Friday, February 27, 2009


GODS IN THE GARDEN


You know how it is when you garden with no fence yet, but with deer, wild pigs and monkeys around, plus you're an eclectic kind of person, all sorts of stuff going on in head and out, you try any number of things, and in the nature of eclecticity often rather haphazardly-- depends on the day and whether you've had coffee or what, all matters of interest somehow, and now and then - almost inevitably - you forget some of all that stuff, like what specific carrots or where kinds of potatoes?

Well early last autumn I planted a few different kinds of interesting but uncommunicative carrot seeds and intriguing but mute seed potatoes here and there where space was available at the time - this was all pro tem back then in the imminent garden - and covered them all with hoops and netting.

Then a few months later during the grandgirls' visit they plucked some of the carrots and I weeded the potatoes once, then as winter passed and the snow deepened my mind drifted hibernationally away from the garden and closer to the woodstove, and I became somehow of the impression that the potatoes would revive in spring, send up new leaves and grow some more, to be harvested maybe somewhen early to mid-summer or maybe later, there would be a sign from a benevolent garden deity or something, gardening can be vague in a lot of ways; a bag of seed potatoes is not very communicative. Queries such as 'And where are you from, little potato?' or 'How do I grow you and when will your progeny be ready?' are met with that profound spud silence.

So I figured six months or thereabouts, what do I know, I could look it up on the net but they're already planted, I'll find out, what's the hurry, the gods will speak. You laugh. Well, I was out there a couple days ago learning what the edge of spring does to winter spinach, and through the netting noticed in one of the barren-topped potato mounds alongside there what looked like the skin of a potato showing through, where the Baron had been trying to push a hoof through the net and get at the spinach (which appears to be speeding up). I went out there later with the pitchfork to investigate the potato innuendo, and to my late winter amazement, from that one mound dug up 4 softball-sized potatoes. There are lots of ready potatoes out there in the ground, right now.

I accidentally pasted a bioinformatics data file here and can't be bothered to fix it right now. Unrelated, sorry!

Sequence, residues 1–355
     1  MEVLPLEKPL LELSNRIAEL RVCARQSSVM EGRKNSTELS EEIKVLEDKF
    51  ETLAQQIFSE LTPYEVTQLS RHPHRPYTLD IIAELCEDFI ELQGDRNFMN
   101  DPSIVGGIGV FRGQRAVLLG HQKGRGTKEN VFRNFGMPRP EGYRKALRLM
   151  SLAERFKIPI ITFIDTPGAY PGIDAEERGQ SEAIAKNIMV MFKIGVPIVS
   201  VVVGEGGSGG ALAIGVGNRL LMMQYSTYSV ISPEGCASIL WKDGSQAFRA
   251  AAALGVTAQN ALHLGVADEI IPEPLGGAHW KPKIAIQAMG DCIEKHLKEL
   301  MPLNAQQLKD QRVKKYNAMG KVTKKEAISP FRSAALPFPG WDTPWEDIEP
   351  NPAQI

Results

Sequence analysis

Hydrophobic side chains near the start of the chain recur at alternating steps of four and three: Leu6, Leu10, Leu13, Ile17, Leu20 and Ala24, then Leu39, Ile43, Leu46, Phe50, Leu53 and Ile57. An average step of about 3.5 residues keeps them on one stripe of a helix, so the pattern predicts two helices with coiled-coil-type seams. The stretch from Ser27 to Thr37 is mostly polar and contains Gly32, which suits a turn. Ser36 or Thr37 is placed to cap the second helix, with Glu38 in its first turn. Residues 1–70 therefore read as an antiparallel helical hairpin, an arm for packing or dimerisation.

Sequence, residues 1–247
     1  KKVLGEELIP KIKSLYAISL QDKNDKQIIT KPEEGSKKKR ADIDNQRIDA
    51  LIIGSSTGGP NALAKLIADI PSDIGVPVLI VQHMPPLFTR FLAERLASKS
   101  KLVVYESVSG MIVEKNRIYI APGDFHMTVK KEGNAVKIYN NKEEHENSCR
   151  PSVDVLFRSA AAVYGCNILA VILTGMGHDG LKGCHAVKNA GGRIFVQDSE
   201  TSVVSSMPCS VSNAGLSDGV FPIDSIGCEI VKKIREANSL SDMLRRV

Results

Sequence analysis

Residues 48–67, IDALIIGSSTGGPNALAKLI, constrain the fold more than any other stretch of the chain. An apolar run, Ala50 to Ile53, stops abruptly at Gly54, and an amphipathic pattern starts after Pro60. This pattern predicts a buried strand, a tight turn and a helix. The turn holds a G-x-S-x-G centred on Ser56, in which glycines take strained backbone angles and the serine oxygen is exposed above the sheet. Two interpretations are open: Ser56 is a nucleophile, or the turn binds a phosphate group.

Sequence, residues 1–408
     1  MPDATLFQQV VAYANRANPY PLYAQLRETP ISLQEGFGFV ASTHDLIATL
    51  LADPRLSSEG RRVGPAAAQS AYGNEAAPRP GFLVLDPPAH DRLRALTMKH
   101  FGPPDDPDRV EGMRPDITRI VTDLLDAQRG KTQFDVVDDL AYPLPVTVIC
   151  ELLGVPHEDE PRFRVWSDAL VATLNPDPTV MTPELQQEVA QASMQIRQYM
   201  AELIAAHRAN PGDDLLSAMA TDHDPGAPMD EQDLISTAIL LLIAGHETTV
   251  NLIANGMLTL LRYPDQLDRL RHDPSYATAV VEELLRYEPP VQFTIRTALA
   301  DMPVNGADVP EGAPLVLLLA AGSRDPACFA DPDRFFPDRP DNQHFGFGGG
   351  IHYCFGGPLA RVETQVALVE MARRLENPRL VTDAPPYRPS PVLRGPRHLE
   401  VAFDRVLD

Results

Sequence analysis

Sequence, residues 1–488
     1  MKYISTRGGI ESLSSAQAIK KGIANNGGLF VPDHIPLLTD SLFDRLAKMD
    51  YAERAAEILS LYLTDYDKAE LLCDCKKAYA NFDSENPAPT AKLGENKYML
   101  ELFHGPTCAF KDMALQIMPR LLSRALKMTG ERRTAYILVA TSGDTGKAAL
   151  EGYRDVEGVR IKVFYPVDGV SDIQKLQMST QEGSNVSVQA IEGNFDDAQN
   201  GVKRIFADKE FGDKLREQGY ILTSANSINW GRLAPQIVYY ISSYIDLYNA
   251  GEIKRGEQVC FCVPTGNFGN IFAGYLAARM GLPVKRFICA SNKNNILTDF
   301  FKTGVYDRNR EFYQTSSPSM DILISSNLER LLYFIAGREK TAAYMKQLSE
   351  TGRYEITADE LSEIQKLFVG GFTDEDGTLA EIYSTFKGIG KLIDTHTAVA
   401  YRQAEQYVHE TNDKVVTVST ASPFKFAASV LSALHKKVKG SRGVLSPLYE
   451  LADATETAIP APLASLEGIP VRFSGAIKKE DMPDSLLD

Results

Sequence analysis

That's how I learned that the Baron is a garden deity.

5 comments:

Delwyn said...

What a pleasure - another missive appears for me to enjoy.

Will you make a statue to him then?

It seems obligatory in Japan to have the stone resemblances all over. I loved the multitude of Jizos.

Spuds spuds glorious spuds....

Bob Brady said...

I'm gonna go fry some up right now...

Bob Brady said...

100% organic, too!

Delwyn said...

I've just had a look on the map - you are quite closely convenient to Kyoto then?

We trained to Hikone to begin the Nakasendo walk.

Am I right in thinking that you have been living in Japan for 40 years or was that when you first visited?

Is the photo of you with the baby- your daughter? Its a lovely photo and a beautiful child.
We have 4 children, the youngest of which we brought to our family from Korea. - Now 18, she has been a blessing.

Bob Brady said...

I came to Japan in 1972, been here ever since (plus traveling) excepting 3 years in Spain, where my daughter was born; that's me holding her in the picture. She's now the mama of three girls (Kaya, Mitsuki and Miasa), who are often chronicled here.
My wife Echo and I live right across the lake from the southern end of the Nakasendo, and in our travels often visit various towns along it. I did a post on one of our visits, at this link http://pureland.blogspot.com/2003/05/narai-juku-on-our-way-to-beiju-railway.html.